Moments later, the planting complete, the hawk flew through and landed in the neighbor’s tree. Squirrels froze in place. The crows, sleeping sentinels, awoke. The alarm went out. The hawk paid it no heed.

A visit. A monster in the dreams of squirrels and chipmunks, I felt nothing but awe. The hawk remained in the tree for a long time. We looked at it. It looked at us. Gratitude.

kerri’s albums are available on iTunes and streaming on Pandora

read Kerri’s blogpost about THE HAWK

take flight/this part of the journey © 1998 kerri sherwood

Stand Still [on Merely A Thought Monday]

“The understanding of what you actually are is far more important than the pursuit of what you should be.” ~ Krishnamurti, Think On These Things

I wrinkled my brow the first time I heard Kerri say it: “We don’t change. We just become more of who we already are.” I didn’t like it. I wanted to pop the notion with pithy ideas of transformation. Something made me hold my tongue. “Consider it,” I said to myself.

Now, a full decade into the latest phase of my life-long-onion-peel, I see the wisdom in her words. The layers of protection, the suits of armor, the wall of respect, the race from shame, the measuring sticks and self-inflicted-social-expectations stripping away. Trying-to-be falls to the floor like a robe. The story-husks and fear-shells and false skins, false faces, false labels and roles and masks falling to the forest floor.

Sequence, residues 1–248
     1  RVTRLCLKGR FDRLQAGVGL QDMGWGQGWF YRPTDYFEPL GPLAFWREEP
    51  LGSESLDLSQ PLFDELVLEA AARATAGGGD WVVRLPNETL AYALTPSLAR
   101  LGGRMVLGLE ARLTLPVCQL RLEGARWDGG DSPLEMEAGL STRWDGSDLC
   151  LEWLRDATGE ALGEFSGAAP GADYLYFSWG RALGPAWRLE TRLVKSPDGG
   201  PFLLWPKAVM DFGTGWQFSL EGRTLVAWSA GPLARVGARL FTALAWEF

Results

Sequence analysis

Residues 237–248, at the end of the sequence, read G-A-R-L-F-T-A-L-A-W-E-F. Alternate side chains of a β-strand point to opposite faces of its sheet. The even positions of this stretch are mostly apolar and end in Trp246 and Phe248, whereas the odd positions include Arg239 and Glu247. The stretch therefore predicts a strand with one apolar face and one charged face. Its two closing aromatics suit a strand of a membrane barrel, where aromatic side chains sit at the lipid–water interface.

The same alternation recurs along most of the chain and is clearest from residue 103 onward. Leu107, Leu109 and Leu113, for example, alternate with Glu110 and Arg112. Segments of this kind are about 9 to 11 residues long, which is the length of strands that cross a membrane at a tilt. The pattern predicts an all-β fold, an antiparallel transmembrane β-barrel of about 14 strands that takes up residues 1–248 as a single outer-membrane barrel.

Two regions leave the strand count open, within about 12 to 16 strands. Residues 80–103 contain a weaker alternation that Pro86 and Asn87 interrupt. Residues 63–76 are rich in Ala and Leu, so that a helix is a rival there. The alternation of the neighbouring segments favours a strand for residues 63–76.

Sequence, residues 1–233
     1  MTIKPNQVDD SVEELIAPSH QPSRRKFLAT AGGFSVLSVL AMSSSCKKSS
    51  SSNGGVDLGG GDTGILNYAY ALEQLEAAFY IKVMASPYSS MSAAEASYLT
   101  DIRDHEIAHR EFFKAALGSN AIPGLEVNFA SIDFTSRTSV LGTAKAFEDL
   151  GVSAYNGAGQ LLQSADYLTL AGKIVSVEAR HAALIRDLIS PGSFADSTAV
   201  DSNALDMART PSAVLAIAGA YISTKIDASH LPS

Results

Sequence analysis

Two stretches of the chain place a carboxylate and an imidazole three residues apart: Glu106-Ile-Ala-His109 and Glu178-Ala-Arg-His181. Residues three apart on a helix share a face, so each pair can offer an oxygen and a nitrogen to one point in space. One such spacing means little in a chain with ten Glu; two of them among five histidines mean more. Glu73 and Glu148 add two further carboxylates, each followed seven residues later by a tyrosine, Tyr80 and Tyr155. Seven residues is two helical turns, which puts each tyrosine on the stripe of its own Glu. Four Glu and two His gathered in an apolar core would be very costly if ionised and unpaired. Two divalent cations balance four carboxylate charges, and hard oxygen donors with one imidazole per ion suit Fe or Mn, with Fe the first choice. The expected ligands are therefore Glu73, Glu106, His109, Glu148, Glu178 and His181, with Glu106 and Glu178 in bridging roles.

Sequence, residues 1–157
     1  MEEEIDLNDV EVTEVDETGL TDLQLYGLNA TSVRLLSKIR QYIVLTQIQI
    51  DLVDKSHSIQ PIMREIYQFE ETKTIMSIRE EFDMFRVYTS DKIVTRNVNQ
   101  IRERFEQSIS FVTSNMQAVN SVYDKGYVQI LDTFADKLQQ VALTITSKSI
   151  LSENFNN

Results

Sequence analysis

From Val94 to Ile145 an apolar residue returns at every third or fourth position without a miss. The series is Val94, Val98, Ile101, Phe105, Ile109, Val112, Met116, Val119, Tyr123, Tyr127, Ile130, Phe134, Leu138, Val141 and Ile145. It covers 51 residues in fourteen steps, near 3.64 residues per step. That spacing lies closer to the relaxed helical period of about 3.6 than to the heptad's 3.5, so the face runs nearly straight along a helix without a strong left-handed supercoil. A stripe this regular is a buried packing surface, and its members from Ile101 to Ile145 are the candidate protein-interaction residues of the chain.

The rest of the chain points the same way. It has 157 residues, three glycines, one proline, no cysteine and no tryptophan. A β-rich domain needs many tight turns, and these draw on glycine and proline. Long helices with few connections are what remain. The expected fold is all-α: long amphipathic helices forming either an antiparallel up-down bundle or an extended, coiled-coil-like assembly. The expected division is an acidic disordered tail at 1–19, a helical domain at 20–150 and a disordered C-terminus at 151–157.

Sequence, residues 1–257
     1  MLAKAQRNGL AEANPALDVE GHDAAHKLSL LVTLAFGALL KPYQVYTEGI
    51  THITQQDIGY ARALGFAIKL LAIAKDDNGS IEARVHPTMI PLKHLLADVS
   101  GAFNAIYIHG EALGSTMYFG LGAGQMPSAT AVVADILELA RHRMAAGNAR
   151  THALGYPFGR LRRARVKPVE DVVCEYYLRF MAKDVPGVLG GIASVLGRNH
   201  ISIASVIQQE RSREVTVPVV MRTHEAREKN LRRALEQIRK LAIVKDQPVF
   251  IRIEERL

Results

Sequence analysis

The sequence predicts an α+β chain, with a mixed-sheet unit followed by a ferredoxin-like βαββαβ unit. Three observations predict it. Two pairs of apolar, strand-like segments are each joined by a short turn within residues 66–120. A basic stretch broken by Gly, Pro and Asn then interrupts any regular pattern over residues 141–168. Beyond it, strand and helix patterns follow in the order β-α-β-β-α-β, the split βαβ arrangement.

And, there you are. Just as you are. Naked and vulnerable and oh, so passingly human. Standing still. No ghosts to chase. No monsters chasing you.

And, there you are.

No distance between you and what you desire to create or experience. Finger painting. A child with a crayon and an empty wall for scribbles.

Kerri looks for hearts. She finds rocks shaped like hearts and leaves, heart-impressions in walls and heart-shaped clouds. Each one is a first-and-only and evokes delight. Last week on the trail, it occurred to me that she finds them everywhere, not because she looks for them, but because she expects to see them.

Seeing old friends. There you are.

read Kerri’s blog post about the HEART LEAF

Say Her Name [on Two Artists Tuesday]